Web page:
I’m not certain age brings wisdom so much as the realization that the body is no longer up to spending a weekend in a sodden tent, protected from the lashing wind and torrential rain with little more than a plastic tarp strung between a couple of trees.
While there’s nothing like a campfire to make the backcountry palatable, one in which more time is spent ensuring the flames aren’t doused in the downpour, and the resultant smoke constantly stinging the eyes, is no longer my cup of rum in the camp chair.
Common sense, fortunately, took precedence over the proposal to hit the high country despite the temptingly glorious weather last week.
The suggestion for a few days in the woods came Wednesday, and was seriously considered even though I was aware of the impending storms. Thursday brought, along with bluebird skies, a further warning that the weekend would be a mess. Despite my friend suggesting it wasn’t in us to “wimp out” to weather, I suggested observance of forecasts provided by The Weather Network. He also keyed up Environment Canada’s site.
It was agreed that things didn’t look so good . . . “but let’s wait until Friday morning” was determined.
Needless to say for anyone who was in the Fraser Valley on Friday, the message was clear. Too wet, with lots more to come.
What really iced the cake was a check of the BC Highway cams along the Coquihalla. These provide ‘real time’ information on current weather, and the view from the unit at the highway summit was completely obscured by rain on the lens. Enough said, or seen, and thankfully, the ‘adventure’ was postponed to a more appropriate, and pleasant weatherwise, time.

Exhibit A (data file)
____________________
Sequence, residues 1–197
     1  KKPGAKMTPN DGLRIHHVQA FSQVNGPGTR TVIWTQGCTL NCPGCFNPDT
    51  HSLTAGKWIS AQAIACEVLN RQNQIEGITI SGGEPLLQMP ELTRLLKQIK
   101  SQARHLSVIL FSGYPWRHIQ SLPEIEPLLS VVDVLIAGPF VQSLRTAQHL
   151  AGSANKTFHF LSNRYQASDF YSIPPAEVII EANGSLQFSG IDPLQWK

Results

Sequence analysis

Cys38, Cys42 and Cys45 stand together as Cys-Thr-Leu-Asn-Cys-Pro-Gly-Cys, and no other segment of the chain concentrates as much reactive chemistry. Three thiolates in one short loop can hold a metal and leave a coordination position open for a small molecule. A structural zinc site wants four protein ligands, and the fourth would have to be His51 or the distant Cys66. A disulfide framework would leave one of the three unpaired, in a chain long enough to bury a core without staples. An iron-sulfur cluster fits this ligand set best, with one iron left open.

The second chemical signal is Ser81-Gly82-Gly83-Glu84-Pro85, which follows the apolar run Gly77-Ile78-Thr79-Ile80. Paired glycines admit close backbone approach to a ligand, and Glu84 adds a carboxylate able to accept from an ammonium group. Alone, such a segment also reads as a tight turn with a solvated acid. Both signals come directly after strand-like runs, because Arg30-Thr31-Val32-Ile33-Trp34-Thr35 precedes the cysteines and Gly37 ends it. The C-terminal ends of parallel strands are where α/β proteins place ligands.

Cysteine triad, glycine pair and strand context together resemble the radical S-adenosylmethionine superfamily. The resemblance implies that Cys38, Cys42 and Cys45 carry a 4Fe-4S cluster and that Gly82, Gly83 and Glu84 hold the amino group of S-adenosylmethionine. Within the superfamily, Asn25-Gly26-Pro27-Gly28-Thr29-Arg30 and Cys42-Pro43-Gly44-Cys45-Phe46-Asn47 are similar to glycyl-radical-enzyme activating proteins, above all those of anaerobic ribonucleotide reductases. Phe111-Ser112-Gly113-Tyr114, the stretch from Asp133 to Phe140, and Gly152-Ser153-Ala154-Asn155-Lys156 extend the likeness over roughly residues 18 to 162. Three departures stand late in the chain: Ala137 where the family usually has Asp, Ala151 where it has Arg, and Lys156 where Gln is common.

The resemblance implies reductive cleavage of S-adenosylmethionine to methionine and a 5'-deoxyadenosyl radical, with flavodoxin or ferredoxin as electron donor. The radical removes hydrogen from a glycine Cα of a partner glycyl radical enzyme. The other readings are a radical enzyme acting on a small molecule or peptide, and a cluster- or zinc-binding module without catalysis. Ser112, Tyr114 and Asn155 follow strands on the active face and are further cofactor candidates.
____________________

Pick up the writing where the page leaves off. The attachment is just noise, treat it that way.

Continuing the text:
Saturday, as I was sitting by a roaring blaze in the fireplace, vicariously living the campfire experience and watching wind-driven clouds roar through the forest to the south of me, pushing sheets of rain almost parallel to the ground, the phone rang.
“Well, we sure dodged a bullet,” commented my friend from the comfort of his own home.
“No kidding” said I as the deluge beat down on the roof, the water cascading over the gutters.
Even my normally rain-resilient ‘field ornaments’ forsook grazing to huddle under a shelter to wait out the storm.
“Actually, I didn’t mean the weather” noted my caller, “but my truck!”
That would be the truck we were going to take 50 or 60 kilometres into the backcountry – our only mode of transport save our feet.
It had died on local city streets on Saturday afternoon. It was currently residing, following a tow truck ride, at the dealership awaiting repair on Monday.
Had that unpleasantry occurred in the distant bush, I think only I would have ‘dodged a bullet’ . . . my hapless hunting buddy perhaps not so.
I have spent countless days, and thousands of miles/kilometers, on trips so far into the bush that towing fees, if even possible, to recover the vehicle could be more than what it was worth. Luckily, I’ve never had a catastrophic engine failure, or an inability to extricate the truck from wherever I’ve ventured.
But obviously something completely unexpected, such as happened to my buddy’s truck, can occur.
I trust that experience, and a decent pair of boots, could get me out of any mess but you never know, particularly if the weather and winter was even more severe than what we have experienced over the past couple of days.
Am I happy that the fire I sat by this weekend was in my house rather than before a wet tent? Oh, yeahhh.
But will I risk possible calamity in the future in pursuit of semi-solitude in B.C.’s incomparable backcountry? In a heartbeat, because risk is part of the adventure, so long as it’s not undertaken in a downpour.